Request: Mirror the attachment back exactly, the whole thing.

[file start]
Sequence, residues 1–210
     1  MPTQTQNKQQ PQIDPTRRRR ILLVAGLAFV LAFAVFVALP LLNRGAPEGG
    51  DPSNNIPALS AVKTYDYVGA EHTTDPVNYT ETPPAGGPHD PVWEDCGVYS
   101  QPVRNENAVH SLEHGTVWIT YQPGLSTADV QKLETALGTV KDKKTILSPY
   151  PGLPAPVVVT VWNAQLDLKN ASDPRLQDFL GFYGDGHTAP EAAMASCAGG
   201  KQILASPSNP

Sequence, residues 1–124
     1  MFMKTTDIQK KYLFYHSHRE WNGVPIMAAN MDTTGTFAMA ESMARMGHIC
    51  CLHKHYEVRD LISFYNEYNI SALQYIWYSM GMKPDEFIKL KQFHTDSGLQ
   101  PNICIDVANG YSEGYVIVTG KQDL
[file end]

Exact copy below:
Sequence, residues 1–210
     1  MPTQTQNKQQ PQIDPTRRRR ILLVAGLAFV LAFAVFVALP LLNRGAPEGG
    51  DPSNNIPALS AVKTYDYVGA EHTTDPVNYT ETPPAGGPHD PVWEDCGVYS
   101  QPVRNENAVH SLEHGTVWIT YQPGLSTADV QKLETALGTV KDKKTILSPY
   151  PGLPAPVVVT VWNAQLDLKN ASDPRLQDFL GFYGDGHTAP EAAMASCAGG
   201  KQILASPSNP

Sequence, residues 1–124
     1  MFMKTTDIQK KYLFYHSHRE WNGVPIMAAN MDTTGTFAMA ESMARMGHIC
    51  CLHKHYEVRD LISFYNEYNI SALQYIWYSM GMKPDEFIKL KQFHTDSGLQ
   101  PNICIDVANG YSEGYVIVTG KQDL